28 September 2018

The world’s richest bank: how we store the world’s seeds

We go down into Wakehurst’s underground vaults, which lay at the heart of our work to protect plants around the world – the Millennium Seed Bank.

Sunlight behind the Millennium Seed Bank

What is the Millennium Seed Bank?

All life on Earth depends on plants, and more than 80,000 species could be faced with extinction.

The Millennium Seed Bank (MSB) is part of the fight to protect them.

A storage and research site, it is focused on the conservation of seed from wild plant species, most of which have been purposefully collected thanks to collaborations between Kew scientists and international partners around the world.

Banking the world’s seeds gives us an insurance policy against the extinction of plants in the wild and protects our botanical heritage for future generations.

With over 2.25 billion seeds in storage from 189 countries, it is the largest conservation project of its kind.

Millennium Seed Bank at Wakehurst
Seeds stored in air-tight glass containers in -20°C freezers at the Millennium Seed Bank. Image © RBG Kew / Wolfgang Stuppy.

Travelling underground

Seeds go on a journey from the moment they arrive at the MSB.

It begins when they’re delivered right to our front door, literally to our reception at Wakehurst!

Seeds arrive either wrapped in cloth or paper bags carefully labelled by our overseas partners.

After unpacking, seeds are taken to our initial drying room. The room is kept at 15oC with a 15% relative humidity – similar to an aircraft cabin.

The seeds are then stacked in crates with their country of origin marked on the side so we can identify them easily.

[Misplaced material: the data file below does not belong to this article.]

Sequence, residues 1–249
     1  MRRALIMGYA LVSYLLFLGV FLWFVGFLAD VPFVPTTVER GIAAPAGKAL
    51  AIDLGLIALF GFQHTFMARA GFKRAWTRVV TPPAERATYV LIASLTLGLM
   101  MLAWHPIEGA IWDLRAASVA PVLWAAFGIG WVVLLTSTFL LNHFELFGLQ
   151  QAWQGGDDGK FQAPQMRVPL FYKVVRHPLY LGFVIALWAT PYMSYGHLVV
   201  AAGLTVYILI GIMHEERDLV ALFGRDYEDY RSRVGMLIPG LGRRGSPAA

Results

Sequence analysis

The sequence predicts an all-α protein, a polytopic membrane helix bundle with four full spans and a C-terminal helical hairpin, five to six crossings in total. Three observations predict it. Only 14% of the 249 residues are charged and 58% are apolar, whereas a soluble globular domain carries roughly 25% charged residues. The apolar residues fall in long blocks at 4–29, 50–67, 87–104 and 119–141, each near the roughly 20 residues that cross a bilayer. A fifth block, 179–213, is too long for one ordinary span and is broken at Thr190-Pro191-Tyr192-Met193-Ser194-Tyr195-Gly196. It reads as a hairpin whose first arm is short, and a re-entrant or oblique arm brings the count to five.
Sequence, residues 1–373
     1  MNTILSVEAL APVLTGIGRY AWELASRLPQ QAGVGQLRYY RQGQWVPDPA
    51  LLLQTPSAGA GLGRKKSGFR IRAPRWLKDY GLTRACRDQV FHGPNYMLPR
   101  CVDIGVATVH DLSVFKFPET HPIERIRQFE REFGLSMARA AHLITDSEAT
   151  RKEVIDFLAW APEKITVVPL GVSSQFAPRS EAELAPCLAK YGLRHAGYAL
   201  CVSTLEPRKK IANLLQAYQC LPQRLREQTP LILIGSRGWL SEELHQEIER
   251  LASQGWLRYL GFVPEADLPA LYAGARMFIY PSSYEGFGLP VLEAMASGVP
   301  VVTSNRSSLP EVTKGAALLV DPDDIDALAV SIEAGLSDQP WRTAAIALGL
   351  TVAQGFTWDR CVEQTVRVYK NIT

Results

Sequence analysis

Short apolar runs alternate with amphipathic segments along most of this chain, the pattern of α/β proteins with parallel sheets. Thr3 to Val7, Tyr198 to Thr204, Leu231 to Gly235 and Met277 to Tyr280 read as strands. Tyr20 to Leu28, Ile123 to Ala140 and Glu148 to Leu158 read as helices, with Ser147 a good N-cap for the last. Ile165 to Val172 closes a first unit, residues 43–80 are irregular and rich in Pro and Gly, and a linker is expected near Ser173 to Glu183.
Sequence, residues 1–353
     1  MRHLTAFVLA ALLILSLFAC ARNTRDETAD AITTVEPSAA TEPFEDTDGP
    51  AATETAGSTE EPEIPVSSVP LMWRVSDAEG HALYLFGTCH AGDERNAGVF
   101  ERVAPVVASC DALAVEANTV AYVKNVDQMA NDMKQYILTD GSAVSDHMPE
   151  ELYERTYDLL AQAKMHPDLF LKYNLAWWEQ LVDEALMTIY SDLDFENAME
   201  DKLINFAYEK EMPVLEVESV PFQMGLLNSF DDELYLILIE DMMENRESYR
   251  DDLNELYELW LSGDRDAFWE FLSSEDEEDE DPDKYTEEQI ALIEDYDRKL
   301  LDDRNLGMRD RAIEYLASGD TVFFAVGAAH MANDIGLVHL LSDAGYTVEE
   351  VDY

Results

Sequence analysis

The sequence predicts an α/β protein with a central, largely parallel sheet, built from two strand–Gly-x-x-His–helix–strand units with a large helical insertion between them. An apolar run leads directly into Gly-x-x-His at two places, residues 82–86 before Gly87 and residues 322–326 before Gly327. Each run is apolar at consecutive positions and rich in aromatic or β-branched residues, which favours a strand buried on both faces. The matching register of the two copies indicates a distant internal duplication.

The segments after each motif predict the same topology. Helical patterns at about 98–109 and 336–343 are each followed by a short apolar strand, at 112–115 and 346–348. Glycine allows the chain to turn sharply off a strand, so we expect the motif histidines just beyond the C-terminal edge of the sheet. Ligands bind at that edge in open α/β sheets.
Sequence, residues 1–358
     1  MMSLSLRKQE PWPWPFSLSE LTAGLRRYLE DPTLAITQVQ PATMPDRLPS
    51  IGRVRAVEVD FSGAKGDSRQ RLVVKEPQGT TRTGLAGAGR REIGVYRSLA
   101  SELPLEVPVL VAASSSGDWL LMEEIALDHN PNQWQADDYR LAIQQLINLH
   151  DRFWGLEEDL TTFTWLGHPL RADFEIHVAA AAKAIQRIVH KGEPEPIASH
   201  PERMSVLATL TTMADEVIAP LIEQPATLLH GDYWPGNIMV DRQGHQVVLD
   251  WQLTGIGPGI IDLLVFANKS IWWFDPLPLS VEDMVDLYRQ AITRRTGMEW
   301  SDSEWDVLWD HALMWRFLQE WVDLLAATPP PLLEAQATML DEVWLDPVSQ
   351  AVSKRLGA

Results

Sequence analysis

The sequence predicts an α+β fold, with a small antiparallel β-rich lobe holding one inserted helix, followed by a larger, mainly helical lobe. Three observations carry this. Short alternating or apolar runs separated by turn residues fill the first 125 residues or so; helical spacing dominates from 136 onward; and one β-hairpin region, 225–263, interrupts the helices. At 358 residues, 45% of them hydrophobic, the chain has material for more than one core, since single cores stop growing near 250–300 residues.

We dry them out because it preserves them that little bit longer. In fact, for every 1% that we reduce a seed’s moisture content, the life span of the seed doubles. Our initial drying phase increases seed longevity by 40 times, and seeds can stay in this room from anywhere between two weeks and six months.

Then its off to the cleaning laboratory and X-ray room, where the seeds are carefully cleaned to remove unnecessary bulk. 

They’re X-rayed to highlight any insect damage or any empty seeds, which we can then discard as they’re not suitable for storage.

The main drying room is the next port of call - this room operates at 18oC, with a 15% relative humidity. Staff are only allowed to work in this area for a maximum of two hours so they don’t dehydrate.

A scientist in the Millennium Seed Bank vault
The Millennium Seed Bank safeguards wild plant diversity. Credit RBG Kew.

Seeds can stay in here for up to a month to make sure they’re moisture free before they go on their final journey to the vaults located deep underground. 

This is our treasure trove. All the seeds that we conserve and protect for the future are stored in these vaults.

They are flood, bomb, and radiation-proof rooms, and billions of seeds are kept frozen at –20°C.

For every five degrees centigrade that you cool dry seeds, the longevity of a seed doubles. So cooling seeds from 18oC in the dry room, to –20oC in the cold room, increases seed longevity by approximately 120 times. 

We currently have six cold rooms. The overall vault is big enough to hold 33 London double-decker buses and could hold at least 30% of the world’s flora. 

Each seed collection could hold the answer to some of the biggest human challenges of our time, like climate change, biodiversity loss or food security.

By 2020, our aim is to secure the safe storage of seeds from 25% of the world’s bankable plants. We are starting with the most at-risk plants and those with the most use for the future.

With the MSB, we are doing all we can to protect one of planet Earth’s most valuable kingdoms, seed by seed. 

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